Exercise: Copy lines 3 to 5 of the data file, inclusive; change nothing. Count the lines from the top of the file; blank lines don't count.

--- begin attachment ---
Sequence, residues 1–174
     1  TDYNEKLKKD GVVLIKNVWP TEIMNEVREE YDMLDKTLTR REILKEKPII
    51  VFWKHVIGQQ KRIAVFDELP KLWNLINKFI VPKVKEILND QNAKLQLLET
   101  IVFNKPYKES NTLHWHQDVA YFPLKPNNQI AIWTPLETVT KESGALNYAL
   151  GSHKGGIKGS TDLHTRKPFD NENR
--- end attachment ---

    51  VFWKHVIGQQ KRIAVFDELP KLWNLINKFI VPKVKEILND QNAKLQLLET
   101  IVFNKPYKES NTLHWHQDVA YFPLKPNNQI AIWTPLETVT KESGALNYAL
   151  GSHKGGIKGS TDLHTRKPFD NENR